Talk 11 – Garden

fiction about gardening

Short Story

Do you have access to the back garden from your apartment?
Yes, it’s the only reason I rented it. The garden is mine.
I can see it from my window.
Do you grow flowers?
No. Vegetables only and two orchards. Let’s go out there, it’s a good day.
I read somewhere that the soil in the yards of old buildings is soaked in very bad chemicals.
That’s true, and that’s why I had all the soil removed. I bought three tons of organic soils and replaced it.
That is some dedication.
My ex husband did it for one of my birthdays. He knew I wanted a garden.
The gypsy?
Yes.
That apple tree looks so neat. Is it necessary to cut its branches like that?
I believe it is. Raising a child is like planting an apple tree. Do you know anything about orchards? You have to prune their branches so only the few remain and they bear healthy large fruit. Otherwise they grow wild with many small branches and tiny oddly shaped fruits. My parents didn’t cut any branches and I grew wild. But I was clever enough to learn to cut my own branches and now I am fine.
Too bad you don’t have children. They would turn out like the bear. Good and proper.
You do remind me of my mom.
Let me guess. There is a photo on the wall at your parents’ house of you as a baby sucking your foot.
How did you know that!?
Intelligent parents can appreciate the abstraction in that.
It makes me smile every time I see it.
Good.
My parents only complain that I am too far and don’t visit often enough.
It hurts when you can’t keep your family around. They are another kind. I don’t know their type of pain personally. But my ex-mother-in-law felt similarly. She threw potion on me while I was visiting and sleeping in our tent, but most of it got on my husband.
I guess it worked.
It didn’t help us. He went back to riding the wind.
Riding the wind; it’s the most nautical thing in the world.
Nautical?
I mean beautiful.
I see you have potatoes.
Yes potatoes, tomatoes, cucumbers, cilantro, carrots.
Peppers.
Yes, I have peppers.
Are those spicy?
No, those are sweet for roasting that I usually add to salads. The spicy ones are in the corner – the last two roots.
The small ones?
Yes.
They’re tiny.
But full of poison.
How do you mean?
That’s what spice is essentially; poison, and enough of it can kill you.
Like whiskey?
Just like whiskey. Sit, help yourself to an evening cigarette.
I like this box. Organic tobacco.
One is allowed. An old gypsy habit.
Which is the most difficult vegetable to look after?
That’s a relative question. When they are young they are all fragile. Later, all they need is water. As long as the soil is fertile.
How do you keep it fertile?
Every fall a get two hundred pounds of cow manure delivered from a farm a few hours away from here. Last fall when I was filling the ground with it I dug up a bottle or brandy with a note on it that said – you can always count on me.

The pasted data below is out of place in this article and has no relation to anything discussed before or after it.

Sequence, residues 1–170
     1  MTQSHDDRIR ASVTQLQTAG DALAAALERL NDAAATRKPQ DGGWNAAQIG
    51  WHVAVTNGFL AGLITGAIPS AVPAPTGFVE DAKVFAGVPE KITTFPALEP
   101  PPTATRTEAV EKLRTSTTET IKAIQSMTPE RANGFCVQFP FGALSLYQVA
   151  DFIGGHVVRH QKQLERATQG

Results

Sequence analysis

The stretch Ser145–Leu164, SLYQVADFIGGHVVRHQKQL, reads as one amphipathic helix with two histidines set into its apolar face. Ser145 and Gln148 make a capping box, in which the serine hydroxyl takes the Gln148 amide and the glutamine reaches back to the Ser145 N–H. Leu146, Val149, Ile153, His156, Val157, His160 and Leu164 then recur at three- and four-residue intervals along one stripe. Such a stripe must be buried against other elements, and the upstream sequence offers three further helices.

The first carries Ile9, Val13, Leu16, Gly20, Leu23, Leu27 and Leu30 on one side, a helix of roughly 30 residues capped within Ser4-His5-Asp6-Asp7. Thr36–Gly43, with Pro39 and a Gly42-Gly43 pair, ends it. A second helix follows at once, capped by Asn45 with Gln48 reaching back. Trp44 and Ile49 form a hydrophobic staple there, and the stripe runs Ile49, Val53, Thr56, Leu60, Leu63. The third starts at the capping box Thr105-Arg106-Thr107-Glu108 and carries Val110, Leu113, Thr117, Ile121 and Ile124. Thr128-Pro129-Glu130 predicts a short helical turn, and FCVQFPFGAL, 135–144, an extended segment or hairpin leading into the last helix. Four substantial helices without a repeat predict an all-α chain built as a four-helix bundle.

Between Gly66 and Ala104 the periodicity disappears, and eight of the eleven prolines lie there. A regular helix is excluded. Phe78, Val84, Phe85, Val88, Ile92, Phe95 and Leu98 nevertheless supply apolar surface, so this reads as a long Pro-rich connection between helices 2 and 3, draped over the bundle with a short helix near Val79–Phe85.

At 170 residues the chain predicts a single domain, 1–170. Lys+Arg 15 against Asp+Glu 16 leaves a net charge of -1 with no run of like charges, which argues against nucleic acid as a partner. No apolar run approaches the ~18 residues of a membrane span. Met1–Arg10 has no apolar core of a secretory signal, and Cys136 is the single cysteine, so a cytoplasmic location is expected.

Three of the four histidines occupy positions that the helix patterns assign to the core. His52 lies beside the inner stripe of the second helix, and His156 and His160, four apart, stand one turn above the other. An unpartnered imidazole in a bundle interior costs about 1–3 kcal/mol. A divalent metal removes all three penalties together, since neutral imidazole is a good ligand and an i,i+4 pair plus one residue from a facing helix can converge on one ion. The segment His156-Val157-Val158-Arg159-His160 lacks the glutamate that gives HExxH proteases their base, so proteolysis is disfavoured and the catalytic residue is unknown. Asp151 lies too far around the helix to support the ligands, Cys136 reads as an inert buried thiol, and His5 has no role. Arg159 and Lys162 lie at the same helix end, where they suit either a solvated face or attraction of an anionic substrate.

Gypsy humor?
It’s beyond humor, it’s wisdom.
Where do you get your seeds?
I buy them. Just because it is too much work to collect them and it gets messy. Except the potatoes. To plant potatoes you just plant potatoes. So I save the small ones for the spring. You can even cut up larger ones and plant the pieces.
How often do you water them?
At first, you water them as soon as the soil dries up. Later twice a week. That goes for most of my veggies. If the summer is hot, three times.
For the rest you plant the seeds the same way?
No, they are too gentle and usually bugs eat half of them.
You have to plant them in pots inside and keep them warm in the early cooler days of spring. When they grow shoots and roots you care for them until they grow leaves and then you select the strongest and replant them outside.
That’s about all of them.
Tomatoes, cucumbers, and peppers.
How about cilantro?
You plant the seeds outside. They interlock like grass and form a carpet of roots. You cut it and it grows again so you have them fresh the whole season.
Where do the seeds come from?
Late summer you leave their plants to grow large and flower. The flowers pop with seeds.
Let’s go back upstairs before she tells us about the carrots, too.
Don’t be rude squirrels!
Don’t call me that!
He is right, I am boring you with my old lady talk.
No, it’s been wonderful. How much for the panting?
Two hundred.
I only have one twenty on me. I will send eighty over with your neighbor, this fine gentlemen here. Is that good?
That is fine.
And before you ask, you plant the carrots straight outside, you squirrels!

 

next chapter: TALK 12 – CIRCLES

previous chapter: TALK 10 – FLOWERS

all chapters: TALK

more by PETER ODEON

photograph by Neslihan Gunaydin

 

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